Google’s recent announcement about Gmail Priority Inbox is particularly timely, as it comes in the wake of a spate of popular articles about distractions being a cause for not being able to concentrate. (For example, The New York Times’ recent “Your Brain on Computers“). The debate is still open about whether distraction is a new phenomenon or not. (See for example, Physics Worlds recent “Would Einstein Be Ruined by Twitter” and “You’re So Predictable“). Regardless of whether being distracted or not is something new, it is a force to be reckoned with.
You turn on your computer in the morning (assuming it hasn’t been on all night loading up your Inbox with today’s workload), and as soon as it boots up, the alerts start pouring in. New mail messages, instant messenger status updates, new RSS feeds, and the never-ended Tweet stream. The list goes on and on; it’s no wonder you can’t get anything done.
These distractions have spawned a whole new market category–“distraction blockers.” Now honestly, do we really need another new tool to neutralize the last new tool we just installed? I think not. On the contrary, applying some common sense and a dash of discipline can do wonders. No need to buy more technology to solve last week’s technology mess.
Here are some simple tips for dealing with distractions:
1. Prioritize – The key to focusing is setting priorities, and hence, Google’s announcement is particularly timely. However, you don’t need technology to set priorities. Here is a proven method for prioritizing:
o Create a short list of tasks on a small piece of paper. Once you see all the tasks on a page, organized by projects, deadlines, and dependencies–the priorities become apparent.
o Each day review and update the list before you open you Inbox, before you attend meetings, and before you get sidetracked.
o Write the day’s tasks on a sticky note and focus on those tasks for the day. Next morning, copy any leftover tasks from the previous day and then throw out the note. One piece of note paper for each day.
o Go through your Inbox and add/subtract tasks based on incoming messages.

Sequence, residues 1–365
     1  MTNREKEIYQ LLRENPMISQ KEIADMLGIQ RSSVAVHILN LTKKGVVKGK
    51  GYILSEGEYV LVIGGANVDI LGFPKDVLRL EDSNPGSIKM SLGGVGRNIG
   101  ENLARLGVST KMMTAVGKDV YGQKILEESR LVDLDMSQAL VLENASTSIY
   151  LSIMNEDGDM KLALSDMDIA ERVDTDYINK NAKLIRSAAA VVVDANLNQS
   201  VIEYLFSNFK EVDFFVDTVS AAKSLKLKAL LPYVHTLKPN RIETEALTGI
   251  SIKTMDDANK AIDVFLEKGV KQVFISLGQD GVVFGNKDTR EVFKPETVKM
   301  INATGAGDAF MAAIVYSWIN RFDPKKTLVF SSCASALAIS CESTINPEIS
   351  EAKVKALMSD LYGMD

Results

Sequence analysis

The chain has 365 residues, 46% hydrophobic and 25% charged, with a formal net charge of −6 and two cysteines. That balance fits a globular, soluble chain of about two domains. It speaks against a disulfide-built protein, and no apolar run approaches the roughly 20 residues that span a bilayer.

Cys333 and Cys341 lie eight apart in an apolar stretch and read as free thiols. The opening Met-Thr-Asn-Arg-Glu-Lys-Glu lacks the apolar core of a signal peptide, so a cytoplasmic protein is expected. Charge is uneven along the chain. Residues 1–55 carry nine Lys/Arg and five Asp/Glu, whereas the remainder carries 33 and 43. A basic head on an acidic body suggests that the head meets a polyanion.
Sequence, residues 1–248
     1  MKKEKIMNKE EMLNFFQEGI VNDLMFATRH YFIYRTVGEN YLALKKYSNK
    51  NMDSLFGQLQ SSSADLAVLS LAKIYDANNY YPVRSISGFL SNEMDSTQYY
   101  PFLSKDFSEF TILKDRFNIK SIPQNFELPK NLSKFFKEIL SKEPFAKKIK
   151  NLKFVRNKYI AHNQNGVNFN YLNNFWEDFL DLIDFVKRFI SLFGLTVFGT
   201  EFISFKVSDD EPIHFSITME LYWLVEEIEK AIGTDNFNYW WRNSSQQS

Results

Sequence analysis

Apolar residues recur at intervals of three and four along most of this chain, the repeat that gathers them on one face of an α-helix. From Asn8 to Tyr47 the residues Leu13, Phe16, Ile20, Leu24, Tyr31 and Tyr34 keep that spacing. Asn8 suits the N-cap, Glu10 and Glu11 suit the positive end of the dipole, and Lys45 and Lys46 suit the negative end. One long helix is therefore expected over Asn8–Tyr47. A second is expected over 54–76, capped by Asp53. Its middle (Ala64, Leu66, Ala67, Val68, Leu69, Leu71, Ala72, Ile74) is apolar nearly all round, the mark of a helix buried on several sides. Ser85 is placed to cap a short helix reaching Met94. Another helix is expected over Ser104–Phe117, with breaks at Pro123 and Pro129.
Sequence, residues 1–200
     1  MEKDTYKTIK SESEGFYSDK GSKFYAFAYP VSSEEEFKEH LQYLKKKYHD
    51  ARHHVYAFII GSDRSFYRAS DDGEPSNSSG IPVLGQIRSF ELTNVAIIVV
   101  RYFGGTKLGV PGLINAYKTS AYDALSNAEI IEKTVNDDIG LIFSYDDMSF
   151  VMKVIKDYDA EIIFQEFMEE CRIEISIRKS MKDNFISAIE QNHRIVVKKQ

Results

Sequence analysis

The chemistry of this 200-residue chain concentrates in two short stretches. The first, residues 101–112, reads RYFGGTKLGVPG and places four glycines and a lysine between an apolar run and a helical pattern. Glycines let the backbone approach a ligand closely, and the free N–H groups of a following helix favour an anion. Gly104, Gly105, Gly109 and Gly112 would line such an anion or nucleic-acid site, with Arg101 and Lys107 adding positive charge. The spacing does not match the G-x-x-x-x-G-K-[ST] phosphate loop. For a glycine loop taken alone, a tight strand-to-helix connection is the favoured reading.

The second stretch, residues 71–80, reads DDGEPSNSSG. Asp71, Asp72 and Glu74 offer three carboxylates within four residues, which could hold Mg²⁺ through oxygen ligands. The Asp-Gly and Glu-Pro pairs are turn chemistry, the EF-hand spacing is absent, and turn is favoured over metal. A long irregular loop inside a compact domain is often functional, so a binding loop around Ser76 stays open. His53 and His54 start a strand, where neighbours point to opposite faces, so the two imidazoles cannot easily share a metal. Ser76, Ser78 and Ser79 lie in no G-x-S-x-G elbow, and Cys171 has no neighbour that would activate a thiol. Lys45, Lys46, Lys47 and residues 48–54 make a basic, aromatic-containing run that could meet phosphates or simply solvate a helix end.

2. Set times of day for answering email, holding meetings, and for doing creative work. Different people are able to focus better at different hours; do what works, but stick to it.
3. Many people find it hard to sit still and focus, even without digital distractions. Exercise is a great cure for this. You don’t need to run a marathon; 30 minutes at the gym, a short walk, run, or bicycle ride can work miracles.
4. Delegate –Often a task can be completed by someone else and it may get done sooner than doing it yourself.
5. If you have creative work to do, like writing documents, creating project plans, building presentations, or writing a speech, here are some practical suggestions that work for me:
o Find a quiet place outside the office. Set up shop in a coffee shop (if you can work there), in a park, in the public library, or in any other place where you can focus and where you won’t be disturbed.
o Shut off the cell phone, disconnect from the Internet, and close all applications except the ones you need to complete your task. If you need the Internet for research, shut off Twitter feeds, IM updates, and all the other distractions. You don’t need a “distraction blocker” program; you just need to shut them off – plain and simple.
6. Understand that non-working time is NOT “downtime.” While the 9-5 workday is long gone, it is important to disconnect. Taking email to bed is unhealthy. When you are not “connected,” you can still do valuable work. In fact, thoughtful, contemplative work is often best done “offline.”
7. Lastly, accept the fact that you won’t get everything done; this is a law of nature. Before Albert Einstein could be overwhelmed by Twitter, he was overwhelmed by correspondence. According to Albert-Laszlo Barabasi, in 1953, Einstein received 832 letters and he answered only 476. The barrage of letters didn’t let up, and Einstein died two years later, so one can only assume that he left a great deal of unfinished business. Take a look at the Life Magazine photo of his desk from the day he died. Take heart; as bad your desk looks, it probably isn’t as bad as this …
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